Doctoral dissertation in graphic novel form
Columbia University awarded a doctorate in education to Nick Sousanis forUnflattening, a graphic novel about the relationship between words and pictures in literature.
It was published by Harvard University Press and got a starred review in Publishers Weekly the journal Comics Grid wrote that it demonstrated "the viability of a comic book as doctoral scholarship in its own right, rather than a separate work requiring some accompanying critical paratext."
The primacy of words over images has deep roots in Western culture. But what if the two are inextricably linked, equal partners in meaning-making? Written and drawn entirely as comics, Unflattening is an experiment in visual thinking. Nick Sousanis defies conventional forms of scholarly discourse to offer readers both a stunning work of graphic art and a serious inquiry into the ways humans construct knowledge.
Unflattening is an insurrection against the fixed viewpoint. Weaving together diverse ways of seeing drawn from science, philosophy, art, literature, and mythology, it uses the collage-like capacity of comics to show that perception is always an active process of incorporating and reevaluating different vantage points. While its vibrant, constantly morphing images occasionally serve as illustrations of text, they more often connect in nonlinear fashion to other visual references throughout the book. They become allusions, allegories, and motifs, pitting realism against abstraction and making us aware that more meets the eye than is presented on the page.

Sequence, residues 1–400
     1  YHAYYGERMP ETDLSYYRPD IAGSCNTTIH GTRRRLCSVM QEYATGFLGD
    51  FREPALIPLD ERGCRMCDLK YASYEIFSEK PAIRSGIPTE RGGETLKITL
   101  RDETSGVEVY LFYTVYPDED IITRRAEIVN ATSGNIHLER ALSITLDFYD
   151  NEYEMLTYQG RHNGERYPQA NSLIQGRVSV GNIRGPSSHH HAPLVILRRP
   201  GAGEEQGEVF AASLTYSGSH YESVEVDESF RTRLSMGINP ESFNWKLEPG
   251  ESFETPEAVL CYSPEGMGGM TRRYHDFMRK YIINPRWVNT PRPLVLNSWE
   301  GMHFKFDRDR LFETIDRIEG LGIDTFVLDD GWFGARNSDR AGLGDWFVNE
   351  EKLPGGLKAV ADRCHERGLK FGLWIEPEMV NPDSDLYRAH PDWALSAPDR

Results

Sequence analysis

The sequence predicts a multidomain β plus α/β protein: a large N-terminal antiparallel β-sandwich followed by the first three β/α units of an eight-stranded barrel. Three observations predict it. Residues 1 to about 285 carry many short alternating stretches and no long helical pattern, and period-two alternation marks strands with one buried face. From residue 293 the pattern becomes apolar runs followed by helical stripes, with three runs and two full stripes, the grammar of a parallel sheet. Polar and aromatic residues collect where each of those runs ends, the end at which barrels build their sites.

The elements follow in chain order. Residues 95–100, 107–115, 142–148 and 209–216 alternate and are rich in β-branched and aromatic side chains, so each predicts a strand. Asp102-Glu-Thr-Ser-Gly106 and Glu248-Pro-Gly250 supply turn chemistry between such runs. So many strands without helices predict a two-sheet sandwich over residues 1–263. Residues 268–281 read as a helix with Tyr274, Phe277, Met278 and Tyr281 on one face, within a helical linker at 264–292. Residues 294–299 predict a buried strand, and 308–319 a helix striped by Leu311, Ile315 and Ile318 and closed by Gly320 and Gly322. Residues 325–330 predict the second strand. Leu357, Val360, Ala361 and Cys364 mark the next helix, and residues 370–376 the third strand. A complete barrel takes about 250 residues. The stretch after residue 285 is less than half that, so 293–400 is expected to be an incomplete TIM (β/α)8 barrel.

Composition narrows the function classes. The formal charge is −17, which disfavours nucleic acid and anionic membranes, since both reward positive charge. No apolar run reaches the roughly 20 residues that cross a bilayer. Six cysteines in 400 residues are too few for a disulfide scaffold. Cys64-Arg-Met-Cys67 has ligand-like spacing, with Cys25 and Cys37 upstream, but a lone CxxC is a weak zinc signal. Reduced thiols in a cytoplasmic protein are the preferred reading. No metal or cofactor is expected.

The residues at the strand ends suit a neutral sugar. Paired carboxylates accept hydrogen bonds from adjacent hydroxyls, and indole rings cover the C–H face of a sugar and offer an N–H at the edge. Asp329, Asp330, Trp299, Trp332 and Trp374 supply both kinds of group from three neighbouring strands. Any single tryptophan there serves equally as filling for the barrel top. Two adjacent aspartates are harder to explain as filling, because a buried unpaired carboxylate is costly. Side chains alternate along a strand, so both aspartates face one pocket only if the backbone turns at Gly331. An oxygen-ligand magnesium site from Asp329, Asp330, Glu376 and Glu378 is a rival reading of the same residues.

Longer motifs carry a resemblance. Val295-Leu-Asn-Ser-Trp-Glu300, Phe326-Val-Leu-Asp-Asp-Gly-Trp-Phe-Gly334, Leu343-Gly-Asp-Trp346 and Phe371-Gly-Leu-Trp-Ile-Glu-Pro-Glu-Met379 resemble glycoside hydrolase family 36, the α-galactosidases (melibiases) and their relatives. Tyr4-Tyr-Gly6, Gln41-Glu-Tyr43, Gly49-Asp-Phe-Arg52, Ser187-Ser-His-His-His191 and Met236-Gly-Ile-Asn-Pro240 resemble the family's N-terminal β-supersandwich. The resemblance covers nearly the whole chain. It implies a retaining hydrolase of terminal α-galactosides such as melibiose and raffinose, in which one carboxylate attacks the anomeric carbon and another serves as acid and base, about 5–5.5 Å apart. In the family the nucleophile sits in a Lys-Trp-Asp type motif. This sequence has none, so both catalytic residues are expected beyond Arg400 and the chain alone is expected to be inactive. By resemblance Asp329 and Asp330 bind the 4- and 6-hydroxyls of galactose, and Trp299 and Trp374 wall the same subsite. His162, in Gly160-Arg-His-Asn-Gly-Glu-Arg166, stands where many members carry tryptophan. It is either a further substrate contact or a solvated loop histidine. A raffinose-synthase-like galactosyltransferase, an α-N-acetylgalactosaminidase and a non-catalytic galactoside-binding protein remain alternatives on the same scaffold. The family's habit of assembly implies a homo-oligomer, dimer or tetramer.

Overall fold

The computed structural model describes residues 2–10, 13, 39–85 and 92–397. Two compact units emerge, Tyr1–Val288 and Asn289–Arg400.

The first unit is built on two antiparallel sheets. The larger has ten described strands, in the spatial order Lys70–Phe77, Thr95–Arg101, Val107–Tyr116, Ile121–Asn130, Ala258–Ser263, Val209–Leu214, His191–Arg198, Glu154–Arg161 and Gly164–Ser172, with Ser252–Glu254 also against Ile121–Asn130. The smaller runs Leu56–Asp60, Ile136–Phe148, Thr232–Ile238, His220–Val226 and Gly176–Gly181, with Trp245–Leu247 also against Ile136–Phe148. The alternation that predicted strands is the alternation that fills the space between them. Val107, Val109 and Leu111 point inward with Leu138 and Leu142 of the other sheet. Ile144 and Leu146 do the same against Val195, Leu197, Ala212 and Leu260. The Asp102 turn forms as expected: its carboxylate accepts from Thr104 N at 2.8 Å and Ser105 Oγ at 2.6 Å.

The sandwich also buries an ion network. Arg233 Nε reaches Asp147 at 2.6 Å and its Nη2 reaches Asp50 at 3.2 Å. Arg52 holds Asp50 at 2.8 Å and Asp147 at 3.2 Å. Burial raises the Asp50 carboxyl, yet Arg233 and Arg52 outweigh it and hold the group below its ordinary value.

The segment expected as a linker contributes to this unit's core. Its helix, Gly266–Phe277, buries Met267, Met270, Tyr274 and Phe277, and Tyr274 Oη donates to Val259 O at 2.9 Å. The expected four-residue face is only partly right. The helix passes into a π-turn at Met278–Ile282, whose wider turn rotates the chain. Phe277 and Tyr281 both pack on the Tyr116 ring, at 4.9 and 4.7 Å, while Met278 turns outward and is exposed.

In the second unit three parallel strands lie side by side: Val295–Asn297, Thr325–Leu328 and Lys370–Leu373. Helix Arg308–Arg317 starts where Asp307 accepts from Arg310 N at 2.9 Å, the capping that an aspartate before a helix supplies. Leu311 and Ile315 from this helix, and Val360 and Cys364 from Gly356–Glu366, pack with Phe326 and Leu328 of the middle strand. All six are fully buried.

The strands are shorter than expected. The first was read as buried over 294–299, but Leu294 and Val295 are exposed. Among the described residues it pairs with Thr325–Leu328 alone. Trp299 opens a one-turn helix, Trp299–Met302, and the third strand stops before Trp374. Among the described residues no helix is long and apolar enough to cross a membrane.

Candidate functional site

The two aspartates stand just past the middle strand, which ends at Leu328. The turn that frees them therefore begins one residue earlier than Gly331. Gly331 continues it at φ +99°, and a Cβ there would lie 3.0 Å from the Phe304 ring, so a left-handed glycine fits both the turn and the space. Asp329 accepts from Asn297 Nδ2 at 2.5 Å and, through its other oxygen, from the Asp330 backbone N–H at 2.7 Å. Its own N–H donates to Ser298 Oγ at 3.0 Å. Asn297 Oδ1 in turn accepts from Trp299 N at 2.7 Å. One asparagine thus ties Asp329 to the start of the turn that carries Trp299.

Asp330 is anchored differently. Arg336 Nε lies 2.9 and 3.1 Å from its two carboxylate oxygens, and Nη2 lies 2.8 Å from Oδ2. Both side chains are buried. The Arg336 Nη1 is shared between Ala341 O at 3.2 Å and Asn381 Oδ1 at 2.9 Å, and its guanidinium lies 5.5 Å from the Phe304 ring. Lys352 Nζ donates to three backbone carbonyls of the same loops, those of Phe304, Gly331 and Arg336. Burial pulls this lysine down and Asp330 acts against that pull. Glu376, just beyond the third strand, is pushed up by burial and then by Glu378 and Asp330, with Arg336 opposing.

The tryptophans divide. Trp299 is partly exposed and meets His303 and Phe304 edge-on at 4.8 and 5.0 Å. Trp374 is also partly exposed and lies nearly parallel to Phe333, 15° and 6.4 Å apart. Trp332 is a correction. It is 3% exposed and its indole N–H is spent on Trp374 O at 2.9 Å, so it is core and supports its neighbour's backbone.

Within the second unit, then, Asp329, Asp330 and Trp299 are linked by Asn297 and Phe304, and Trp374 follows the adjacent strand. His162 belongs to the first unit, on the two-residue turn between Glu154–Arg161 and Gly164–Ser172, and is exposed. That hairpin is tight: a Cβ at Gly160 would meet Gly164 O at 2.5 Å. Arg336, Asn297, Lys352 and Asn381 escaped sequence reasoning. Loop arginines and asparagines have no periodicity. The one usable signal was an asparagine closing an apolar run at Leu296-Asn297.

In its graphic innovations and restless shape-shifting, Unflattening is meant to counteract the type of narrow, rigid thinking that Sousanis calls “flatness.” Just as the two-dimensional inhabitants of Edwin A. Abbott’s novella Flatland could not fathom the concept of “upwards,” Sousanis says, we are often unable to see past the boundaries of our current frame of mind. Fusing words and images to produce new forms of knowledge, Unflattening teaches us how to access modes of understanding beyond what we normally apprehend. – Unflattening is available from Harvard University Press.
Unflattening [Nick Sousanis/Harvard University Press]
Unflattening [Nick Sousanis/Spin Weave Cut]